The Consequences Of Divorce For Mothers And Fathers: Unequal But Converging?

TitleThe Consequences Of Divorce For Mothers And Fathers: Unequal But Converging?
Publication TypeJournal Article
Year of Publication2018
AuthorsKessler, D
JournalLIVES Working Paper
ISSNISSN 2296-1658
Keywordschange, divorce, happiness, income, well-being

If families adhere to a male breadwinner model, mothers and fathers accumulate different kinds of resources. On one hand, this implies that divorces have different consequences for mothers and fathers. While a divorce translates mothers’ low career investments into greater economic consequences for them, fathers suffer more emotionally due to deteriorations of the relationships with their children. On the other hand, the consequences of divorce converge between mothers and fathers over time as gender roles become more egalitarian. For the context of Switzerland, this study tests whether a) divorce leads to greater declines in economic well-being for mothers than for fathers, b) whether mothers report smaller declines in emotional well-being than fathers and c) whether or not these patterns were stable between a cohort of parents who divorced in the 1990s and a cohort of parents who divorced between 2009 and 2013.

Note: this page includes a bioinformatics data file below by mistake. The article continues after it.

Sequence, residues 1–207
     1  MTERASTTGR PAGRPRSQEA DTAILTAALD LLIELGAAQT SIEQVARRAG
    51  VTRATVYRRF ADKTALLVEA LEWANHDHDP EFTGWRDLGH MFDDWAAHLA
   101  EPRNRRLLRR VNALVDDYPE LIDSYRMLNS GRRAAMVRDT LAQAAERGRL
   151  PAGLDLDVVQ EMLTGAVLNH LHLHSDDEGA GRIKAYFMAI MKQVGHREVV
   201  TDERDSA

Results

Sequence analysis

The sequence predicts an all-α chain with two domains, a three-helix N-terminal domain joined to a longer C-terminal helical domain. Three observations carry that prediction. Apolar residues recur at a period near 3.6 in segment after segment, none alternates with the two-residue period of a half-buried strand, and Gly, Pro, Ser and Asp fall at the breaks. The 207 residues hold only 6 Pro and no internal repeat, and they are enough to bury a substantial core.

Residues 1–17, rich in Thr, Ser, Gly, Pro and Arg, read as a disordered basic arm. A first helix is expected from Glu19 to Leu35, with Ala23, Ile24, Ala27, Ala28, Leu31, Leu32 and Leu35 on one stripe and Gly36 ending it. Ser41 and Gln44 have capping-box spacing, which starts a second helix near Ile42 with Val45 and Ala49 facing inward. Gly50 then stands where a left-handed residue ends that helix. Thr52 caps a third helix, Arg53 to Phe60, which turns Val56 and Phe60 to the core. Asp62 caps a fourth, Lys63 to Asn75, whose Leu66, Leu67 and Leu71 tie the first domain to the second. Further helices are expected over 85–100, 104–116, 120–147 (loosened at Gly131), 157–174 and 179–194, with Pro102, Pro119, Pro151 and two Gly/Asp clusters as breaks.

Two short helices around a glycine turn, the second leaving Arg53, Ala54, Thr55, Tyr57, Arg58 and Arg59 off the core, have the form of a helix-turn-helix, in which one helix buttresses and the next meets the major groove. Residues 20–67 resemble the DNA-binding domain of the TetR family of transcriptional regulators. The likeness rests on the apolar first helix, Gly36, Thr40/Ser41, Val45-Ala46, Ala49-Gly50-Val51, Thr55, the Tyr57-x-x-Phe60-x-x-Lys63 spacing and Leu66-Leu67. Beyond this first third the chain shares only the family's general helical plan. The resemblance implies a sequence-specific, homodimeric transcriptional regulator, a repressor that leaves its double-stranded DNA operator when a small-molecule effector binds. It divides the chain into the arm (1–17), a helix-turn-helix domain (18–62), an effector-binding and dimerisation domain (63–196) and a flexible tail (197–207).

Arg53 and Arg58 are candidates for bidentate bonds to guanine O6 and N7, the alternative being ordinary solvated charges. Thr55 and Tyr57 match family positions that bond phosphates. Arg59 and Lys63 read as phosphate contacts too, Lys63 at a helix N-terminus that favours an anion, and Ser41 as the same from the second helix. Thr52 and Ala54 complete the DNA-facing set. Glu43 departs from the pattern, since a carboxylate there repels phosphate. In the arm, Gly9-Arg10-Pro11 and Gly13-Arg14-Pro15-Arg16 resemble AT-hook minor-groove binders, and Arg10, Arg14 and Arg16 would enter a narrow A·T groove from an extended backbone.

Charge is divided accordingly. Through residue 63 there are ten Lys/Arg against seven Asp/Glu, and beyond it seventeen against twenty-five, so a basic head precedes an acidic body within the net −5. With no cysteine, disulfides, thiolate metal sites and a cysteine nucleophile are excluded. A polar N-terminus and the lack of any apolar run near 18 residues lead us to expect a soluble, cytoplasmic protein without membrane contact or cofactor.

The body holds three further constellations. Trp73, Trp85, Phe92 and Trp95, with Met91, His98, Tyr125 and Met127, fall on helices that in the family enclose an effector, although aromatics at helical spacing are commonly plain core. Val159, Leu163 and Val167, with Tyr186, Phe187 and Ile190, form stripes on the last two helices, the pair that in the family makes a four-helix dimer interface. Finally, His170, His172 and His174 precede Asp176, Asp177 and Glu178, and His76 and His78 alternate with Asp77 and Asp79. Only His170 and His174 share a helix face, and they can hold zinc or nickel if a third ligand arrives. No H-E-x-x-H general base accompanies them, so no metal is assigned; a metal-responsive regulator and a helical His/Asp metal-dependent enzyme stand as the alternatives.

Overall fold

The study draws on cross-sectional Swiss surveys that asked respondents about their incomes, emotional well-being and partnership histories. I measured the effects of divorce by comparing parents who recently divorced from their first spouse with balanced samples of parents who are still married in their first marriage. The results suggest that in both cohorts, on average, mothers experience greater declines in available incomes as a result of divorce than fathers and that mothers and fathers suffer similar declines in emotional well-being. Hence, confirming the crucial role of the type of resources for the consequences of divorce, divorced fathers have an advantage over divorced mothers in available income but not in emotional well-being. Potential explanations for the historical stability of such results despite divorced mothers’ greater labor market participation and the introduction of shared legal custody are mothers’ increases in lowly paid part- time work, a stable low share of divorce children living with their fathers and fewer adult alimony orders.